Wheel alignment

Monday 21 October 2019

Maintenance time, a new jacket and other stuff

Ready for another adventure 

I've had the KTM for around 7 months and have covered about 7000 km.  A lower monthly tally than usual but an overseas trip, crap winter weather and other distractions have all conspired against a bigger distance.  However, with spring having arrived, some decent distances beckon.

KTM's have a reputation for "edgy" performance and a few reliability issues.  I was well aware of this when making the choice but the emotional and fun appeal, not to mention blistering performance; over-rode these considerations.

I'm happy to report that although a few issues have been reported on the KTM 790 forum, I haven't experienced any significant problems and I love it to bits.  The ultimate accolade is that it gets patted when I walk past it in the shed.  That didn't happen with the GSX-S 1000. The Gixxer was a very competent bike but it just didn't light my fire.

As reported a few posts ago, the OEM pure sport tyres were fine before winter set in but were lethal in colder, wetter conditions. Just couldn't get them hot enough to work properly. They were ditched with 3500 km on the clock.  The Bridgestone T31 sport/touring replacements have been excellent in all conditions and should have a useful life.

Another minor issue was not the fault of KTM.  I purchased a French-made Acerbis flyscreen, principally for looks.  It works surprisingly well aerodynamically but has one serious downside.  The way it's mounted allows light from the headlight assembly to be reflected up the inside of the screen.  It's not really noticeable in daylight but riding at night, the reflected light is a serious and dangerous distraction.  Presumably, the French designers never ride in the dark!  I solved this by spraying the inner face of the screen matte black and also added some tape to the top of the headlight assembly which is covered by the bottom of the screen.

Matte is the new black

Another non-serious but irritating issue has arisen in the last few weeks which may partially be due to the way I ride and partially due to the materials which KTM uses.  I began to notice that when slowing towards a stop from slow speeds, e.g approaching a stop sign in town, the front brakes were slightly "juddery" when constant light pressure was applied.  It was as if they were braking and then releasing fractionally for every part rotation of the wheel.  The first thing I checked was for rotor runout or warping and there was none.  Closer inspection showed that the disc surfaces had a partially glazed uneven appearance, something I hadn't experienced on previous bikes.  This can just about be seen on the next photo - darker uneven strips.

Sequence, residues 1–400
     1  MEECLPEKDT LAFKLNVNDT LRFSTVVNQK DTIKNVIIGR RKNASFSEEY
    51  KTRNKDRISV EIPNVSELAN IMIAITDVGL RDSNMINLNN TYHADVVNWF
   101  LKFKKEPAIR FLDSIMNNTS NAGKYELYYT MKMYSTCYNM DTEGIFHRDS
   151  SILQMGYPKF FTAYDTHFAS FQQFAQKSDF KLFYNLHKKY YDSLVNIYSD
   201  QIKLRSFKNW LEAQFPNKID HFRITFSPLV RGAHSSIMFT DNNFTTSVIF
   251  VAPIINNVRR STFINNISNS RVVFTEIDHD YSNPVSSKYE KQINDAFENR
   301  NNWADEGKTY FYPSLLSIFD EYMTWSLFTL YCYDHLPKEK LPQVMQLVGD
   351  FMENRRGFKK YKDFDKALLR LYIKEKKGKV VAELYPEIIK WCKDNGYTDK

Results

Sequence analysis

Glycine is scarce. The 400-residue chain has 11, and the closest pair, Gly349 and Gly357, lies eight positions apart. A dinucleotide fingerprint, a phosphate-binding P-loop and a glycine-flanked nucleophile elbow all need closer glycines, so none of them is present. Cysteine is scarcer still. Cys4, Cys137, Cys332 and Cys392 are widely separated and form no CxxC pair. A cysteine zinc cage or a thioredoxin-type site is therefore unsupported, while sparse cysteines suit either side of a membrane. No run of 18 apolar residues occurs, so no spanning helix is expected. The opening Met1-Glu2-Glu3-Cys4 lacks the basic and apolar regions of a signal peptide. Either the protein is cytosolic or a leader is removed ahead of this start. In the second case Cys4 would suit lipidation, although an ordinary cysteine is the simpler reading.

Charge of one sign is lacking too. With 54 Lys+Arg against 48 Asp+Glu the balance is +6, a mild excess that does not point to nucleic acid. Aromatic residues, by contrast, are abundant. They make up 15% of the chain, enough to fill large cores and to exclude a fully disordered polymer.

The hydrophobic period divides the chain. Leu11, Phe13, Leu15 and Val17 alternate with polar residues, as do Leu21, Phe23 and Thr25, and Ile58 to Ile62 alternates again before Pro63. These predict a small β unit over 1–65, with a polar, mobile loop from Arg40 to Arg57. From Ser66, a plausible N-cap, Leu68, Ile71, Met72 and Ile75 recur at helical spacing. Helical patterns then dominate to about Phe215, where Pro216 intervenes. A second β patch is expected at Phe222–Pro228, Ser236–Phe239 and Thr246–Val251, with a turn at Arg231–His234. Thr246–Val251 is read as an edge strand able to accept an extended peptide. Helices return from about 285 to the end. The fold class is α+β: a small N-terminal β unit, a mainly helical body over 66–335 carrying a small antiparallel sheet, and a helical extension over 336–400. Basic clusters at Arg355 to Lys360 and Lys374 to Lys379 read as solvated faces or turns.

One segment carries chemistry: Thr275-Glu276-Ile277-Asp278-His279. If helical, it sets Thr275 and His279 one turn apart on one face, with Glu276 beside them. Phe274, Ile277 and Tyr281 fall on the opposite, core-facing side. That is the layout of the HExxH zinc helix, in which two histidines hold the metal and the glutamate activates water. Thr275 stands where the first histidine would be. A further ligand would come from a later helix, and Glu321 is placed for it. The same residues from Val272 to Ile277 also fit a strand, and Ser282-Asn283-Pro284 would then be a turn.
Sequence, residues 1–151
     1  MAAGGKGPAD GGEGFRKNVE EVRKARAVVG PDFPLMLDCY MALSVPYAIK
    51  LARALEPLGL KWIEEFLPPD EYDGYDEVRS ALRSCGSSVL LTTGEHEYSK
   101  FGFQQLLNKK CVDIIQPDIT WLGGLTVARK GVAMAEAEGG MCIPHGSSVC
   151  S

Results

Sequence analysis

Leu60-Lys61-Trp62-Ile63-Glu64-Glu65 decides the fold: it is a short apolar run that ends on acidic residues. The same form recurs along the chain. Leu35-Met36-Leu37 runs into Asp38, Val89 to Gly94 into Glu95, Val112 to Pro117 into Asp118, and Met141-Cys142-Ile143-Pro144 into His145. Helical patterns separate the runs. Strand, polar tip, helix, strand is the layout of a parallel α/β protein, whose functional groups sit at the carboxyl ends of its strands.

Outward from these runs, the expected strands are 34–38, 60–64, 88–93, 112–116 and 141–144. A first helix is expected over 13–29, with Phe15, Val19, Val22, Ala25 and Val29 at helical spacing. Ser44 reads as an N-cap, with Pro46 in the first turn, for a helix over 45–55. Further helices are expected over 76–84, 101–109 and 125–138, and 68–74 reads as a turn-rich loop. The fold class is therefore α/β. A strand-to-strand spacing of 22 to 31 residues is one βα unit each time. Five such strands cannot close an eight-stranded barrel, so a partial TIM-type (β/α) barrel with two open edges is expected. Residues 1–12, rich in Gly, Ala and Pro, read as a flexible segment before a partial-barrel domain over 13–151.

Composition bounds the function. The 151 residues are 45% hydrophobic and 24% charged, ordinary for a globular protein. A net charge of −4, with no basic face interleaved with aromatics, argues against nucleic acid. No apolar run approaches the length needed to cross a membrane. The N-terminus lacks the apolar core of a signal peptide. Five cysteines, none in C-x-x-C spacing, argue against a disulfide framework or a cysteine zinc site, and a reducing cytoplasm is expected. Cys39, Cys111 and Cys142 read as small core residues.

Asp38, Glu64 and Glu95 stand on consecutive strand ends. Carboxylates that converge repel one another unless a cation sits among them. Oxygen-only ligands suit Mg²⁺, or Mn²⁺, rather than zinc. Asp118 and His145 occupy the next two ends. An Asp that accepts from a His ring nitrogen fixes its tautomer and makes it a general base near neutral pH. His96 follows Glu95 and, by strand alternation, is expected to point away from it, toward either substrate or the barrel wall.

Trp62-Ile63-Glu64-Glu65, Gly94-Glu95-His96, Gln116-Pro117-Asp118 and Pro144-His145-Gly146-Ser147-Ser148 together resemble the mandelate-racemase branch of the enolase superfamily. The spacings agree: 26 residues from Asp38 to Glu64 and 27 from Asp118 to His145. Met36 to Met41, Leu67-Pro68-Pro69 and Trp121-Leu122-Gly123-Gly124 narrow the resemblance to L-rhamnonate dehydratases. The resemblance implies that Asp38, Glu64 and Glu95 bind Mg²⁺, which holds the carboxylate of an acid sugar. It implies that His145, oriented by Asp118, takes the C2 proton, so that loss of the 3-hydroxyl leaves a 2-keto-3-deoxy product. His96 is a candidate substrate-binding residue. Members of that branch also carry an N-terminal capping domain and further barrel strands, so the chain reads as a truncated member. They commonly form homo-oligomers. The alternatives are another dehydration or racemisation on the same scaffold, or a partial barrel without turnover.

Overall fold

Disc glazing - darker strips in places

I tend to be very light on the brakes during normal road riding, using a combination of throttle and gear selection to moderate my speed in combination with reading the vanishing point in corners.  I wondered whether the light use of brakes had a polishing effect but as mentioned earlier, it wasn't something I'd previously experienced.

I mentioned it on the international Duke 790 forum and bless his heart, another Kiwi from Taranaki mentioned that he had experienced similar problems on the Ducati Multistrada which he once owned.  His take on the issue was that it could be cheaper materials (or perhaps mismatched disk and brake pad materials) and the componentry needed some sustained heat in them right from the start to avoid the problem.  He solved the matter by breaking the glaze with 400 wet and dry paper on both the disc faces and the pads, then getting some sustained heat into the assembly.

I did exactly the same, wet-sanding the disc faces with 400 paper on a block and dry sanding the pad faces in a figure of 8 pattern on a flat surface.  All surfaces were then thoroughly cleaned with brake cleaner.  Total time to complete the job was a shade over 2 hours.

De-glazed discs before riding 

I then went out to a largely deserted straight bit of road near home and did a series of high speed stops to get the brakes really hot.  I then rode home and tried some low speed gentle stops - yippee, no more symptoms!  The following photo shows a nice, even discolouration across the disc face - quite different from the previous markings. 

Nice even discolouration